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Traffic crashes just can’t be called ‘accidents’

Wairarapa Road Safety Council manager Bruce Pauling and police school community officer Julie Orr during this week’s campaign to reduce speeds around stationary school buses. PHOTO/STEVE RENDLE

April has been the deadliest month on NZ roads for 10 years, with 45 people dying in crashes.

The national road toll for the year reached 137 in just four months.

Three people have died on Wairarapa roads this year.

Bruce Pauling is the manager of the Wairarapa Road Safety Council and he feels sick about the carnage on the roads so far this year, and disheartened by a lot of driving behaviour he sees in the district.

And he doesn’t like the term “accidents”.

“Crashes are caused 99 per cent of the time by some kind of driver error or poor driving behaviour,” he said.

“Back in the day, we called them accidents. One definition of accident is ‘an event that happens by chance’.”

That definition doesn’t stack up with the driving behaviour he sees on a daily basis.

“On a short trip from Masterton to Greytown the other day, I saw everything from drivers failing to give way at stop signs, severely cutting corners, failing to indicate, using cellphones, wandering in their lanes, and following far too closely on the state highway.

“These actions aren’t ‘by chance’. They are made by drivers who make a choice not to take personal responsibility for their safety, and others’ safety, on the roads.”

Pauling also says headlines referring to ‘killer roads’ do nothing to promote driver responsibility, particularly when alcohol is so often a factor in road deaths.

“With the horrific upwards trending road statistics, we hear that the majority of crashes are caused by everyday otherwise law-abiding Kiwis making ‘mistakes’. This is almost certainly true. But there seems to be a popular ‘culture’ now, of trivialising this driving behaviour and apportioning all of the blame at the poor condition of our roads, and lack of lifesaving infrastructure,” he says

“Basically, we can’t ‘engineer’ our way out of every road situation in the country.”

Pauling has a few ideas to improve crash statistics but is pretty sure toughening the driving test is not the answer.

“The practical tests have been ‘toughened’ in recent times. One can virtually obey every road rule in the book and still fail, as young drivers know too well. Failing to drive in a ‘defensive driving’ mode could lead to a fail.”

He questions whether drivers who gained their licence a few years ago would pass today’s test.

So how about introducing 10-year driving tests?

“This would not be a vote catcher, I can tell you. It would need extreme political will, and no New Zealand government would even contemplate this,” Pauling says.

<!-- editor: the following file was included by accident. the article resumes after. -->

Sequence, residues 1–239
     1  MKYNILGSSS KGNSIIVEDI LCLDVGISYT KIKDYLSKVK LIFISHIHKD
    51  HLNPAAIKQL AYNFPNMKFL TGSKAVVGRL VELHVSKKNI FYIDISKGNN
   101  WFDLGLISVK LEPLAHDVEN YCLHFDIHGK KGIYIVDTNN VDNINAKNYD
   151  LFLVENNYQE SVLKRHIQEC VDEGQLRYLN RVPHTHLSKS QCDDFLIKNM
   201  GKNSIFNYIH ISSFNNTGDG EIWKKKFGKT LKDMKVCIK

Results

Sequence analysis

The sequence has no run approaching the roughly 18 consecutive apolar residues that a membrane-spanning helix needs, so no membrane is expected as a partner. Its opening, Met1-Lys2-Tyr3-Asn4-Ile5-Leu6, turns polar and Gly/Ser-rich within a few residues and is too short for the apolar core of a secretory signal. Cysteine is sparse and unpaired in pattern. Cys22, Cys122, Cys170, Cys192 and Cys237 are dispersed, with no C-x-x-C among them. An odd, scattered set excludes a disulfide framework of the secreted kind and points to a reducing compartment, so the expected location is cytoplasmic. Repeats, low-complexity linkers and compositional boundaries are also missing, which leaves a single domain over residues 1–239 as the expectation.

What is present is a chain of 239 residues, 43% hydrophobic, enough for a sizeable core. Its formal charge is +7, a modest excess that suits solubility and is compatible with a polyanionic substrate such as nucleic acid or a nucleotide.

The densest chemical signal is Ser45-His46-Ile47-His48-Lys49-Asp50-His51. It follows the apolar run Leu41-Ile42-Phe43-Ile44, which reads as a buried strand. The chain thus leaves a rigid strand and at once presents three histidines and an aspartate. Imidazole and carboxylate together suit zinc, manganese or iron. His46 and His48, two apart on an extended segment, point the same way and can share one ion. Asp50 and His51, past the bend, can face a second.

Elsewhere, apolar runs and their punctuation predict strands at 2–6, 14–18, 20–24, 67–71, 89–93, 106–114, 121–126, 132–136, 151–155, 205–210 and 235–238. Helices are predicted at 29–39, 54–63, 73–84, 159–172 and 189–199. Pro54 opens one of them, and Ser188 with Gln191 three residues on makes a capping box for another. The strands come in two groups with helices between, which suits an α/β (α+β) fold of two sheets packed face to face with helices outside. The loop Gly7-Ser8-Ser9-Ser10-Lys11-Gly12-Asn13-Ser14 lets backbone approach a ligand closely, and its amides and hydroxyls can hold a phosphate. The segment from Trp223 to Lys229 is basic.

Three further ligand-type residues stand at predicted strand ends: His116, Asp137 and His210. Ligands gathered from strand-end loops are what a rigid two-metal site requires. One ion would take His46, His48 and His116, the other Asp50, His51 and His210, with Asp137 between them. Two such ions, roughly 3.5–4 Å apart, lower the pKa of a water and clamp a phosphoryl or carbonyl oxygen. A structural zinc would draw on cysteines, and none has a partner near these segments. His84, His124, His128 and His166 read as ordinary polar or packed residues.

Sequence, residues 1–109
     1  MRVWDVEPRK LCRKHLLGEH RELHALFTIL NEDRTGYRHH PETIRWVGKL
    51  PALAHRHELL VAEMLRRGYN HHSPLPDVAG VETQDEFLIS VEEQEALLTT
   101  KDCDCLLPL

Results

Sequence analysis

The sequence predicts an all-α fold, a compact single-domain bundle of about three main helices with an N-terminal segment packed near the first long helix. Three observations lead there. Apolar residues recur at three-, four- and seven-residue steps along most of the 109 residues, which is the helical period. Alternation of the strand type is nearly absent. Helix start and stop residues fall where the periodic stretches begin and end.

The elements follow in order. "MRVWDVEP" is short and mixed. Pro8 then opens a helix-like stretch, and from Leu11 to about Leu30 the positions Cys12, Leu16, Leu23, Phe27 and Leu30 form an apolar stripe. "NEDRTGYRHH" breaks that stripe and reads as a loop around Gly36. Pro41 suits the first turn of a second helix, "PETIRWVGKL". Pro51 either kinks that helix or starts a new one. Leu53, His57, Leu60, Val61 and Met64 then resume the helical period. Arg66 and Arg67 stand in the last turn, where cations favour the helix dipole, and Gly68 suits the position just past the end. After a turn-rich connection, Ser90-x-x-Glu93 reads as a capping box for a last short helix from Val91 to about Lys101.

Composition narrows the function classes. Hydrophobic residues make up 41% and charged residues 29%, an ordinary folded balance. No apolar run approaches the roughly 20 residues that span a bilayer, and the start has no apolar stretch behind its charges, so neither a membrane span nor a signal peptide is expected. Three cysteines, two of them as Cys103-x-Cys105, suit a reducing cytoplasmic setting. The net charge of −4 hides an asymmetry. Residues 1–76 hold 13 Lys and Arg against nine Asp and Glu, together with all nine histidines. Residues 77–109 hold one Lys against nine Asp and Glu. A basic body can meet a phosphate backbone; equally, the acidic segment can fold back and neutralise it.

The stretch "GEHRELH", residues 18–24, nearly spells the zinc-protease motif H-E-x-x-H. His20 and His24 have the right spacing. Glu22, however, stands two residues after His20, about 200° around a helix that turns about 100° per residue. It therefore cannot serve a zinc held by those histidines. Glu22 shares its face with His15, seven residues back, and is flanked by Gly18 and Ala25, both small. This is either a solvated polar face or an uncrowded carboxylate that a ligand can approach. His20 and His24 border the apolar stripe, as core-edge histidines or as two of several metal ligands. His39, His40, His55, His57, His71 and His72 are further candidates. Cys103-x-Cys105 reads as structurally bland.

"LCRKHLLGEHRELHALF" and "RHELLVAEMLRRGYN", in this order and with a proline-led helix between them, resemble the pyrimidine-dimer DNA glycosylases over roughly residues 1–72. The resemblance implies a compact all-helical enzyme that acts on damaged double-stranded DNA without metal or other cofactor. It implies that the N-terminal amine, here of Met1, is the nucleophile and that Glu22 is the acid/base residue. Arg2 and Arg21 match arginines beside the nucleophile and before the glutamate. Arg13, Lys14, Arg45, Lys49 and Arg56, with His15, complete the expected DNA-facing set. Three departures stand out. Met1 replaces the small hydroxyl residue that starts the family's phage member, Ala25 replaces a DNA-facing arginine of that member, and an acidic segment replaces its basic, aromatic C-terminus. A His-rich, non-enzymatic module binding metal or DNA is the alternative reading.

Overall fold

“There is also the question of capacity. How many extra testing officers this would require is anyone’s guess, as well as huge setup and compliance costs. Not to mention the hundreds of Kiwis who suddenly
would fail, and can’t drive.”

When it comes to toughening driving penalties for driving offences, Pauling says this has already happened for drivers who have been drinking or taking drugs.

But cellphones are another matter.

“I am in a favour of increasing fines and demerit points for illegal cellphone use. I’ve said before that this is a road safety ‘epidemic’, which is seen in an increase in ‘distraction’ crashes.”

He also believes demerit points should be introduced for seatbelt offences.

“This is a no-brainer. Around a third of people who die in road crashes are unrestrained occupants.”

Sweden halved its road toll by introducing “heaps more speed cameras” and media barriers, but in these areas “whatever is happening, it’s not fast enough”.

Away from law changes, Pauling is clear that personal responsibility is key.

“It’s great we are all talking about this, because we all use and share the road.

“How many times though, do we analyse our own driving, and admit we are sometimes slack, lazy or impatient drivers. There is always room for improvement.

“Before we blame everybody and everything for stuff-ups on the roads, take a long hard look at the ‘driver’ in the mirror [not the rear view one].”

Pauling recommends the drive.govt.nz website for anyone studying for a learner’s licence, practising for a restricted or full licence, teaching someone to drive, or wanting to
check road rules.

You can also check out Wairarapa Road Safety Council Facebook page.

Pauling’s basic safety messages are consistent.

“As always, don’t speed, drink or take drugs before driving, or use your phone when driving. And always belt up – everybody, every trip, every time.”


  1. I agree wholeheartedly with Bruce Pauling. An accident is an act of chance or as we used to say in my previous workplace “an accident was an act of God”.
    A crash implies something that has gone very wrong related to some form of error or mismanagement.
    I think it is very important to get this concept recognised. The media as well as the general public should attempt to use the term “crash” rather than “accident”.
    The road toll currently is appalling and its causes will be quite varied. The government has a responsibility to maintain safe roads and infrastructure but at the same time the driver of a vehicle has responsibilities to ensure safety for the driver, passengers and the general public.

    The progressively worsening road toll is somewhat hard to understand given the previous years of declining road mortality since the “horror years” of the late 1980’s and 1990’s. It would be very interesting to try and analyse the reasons for this.

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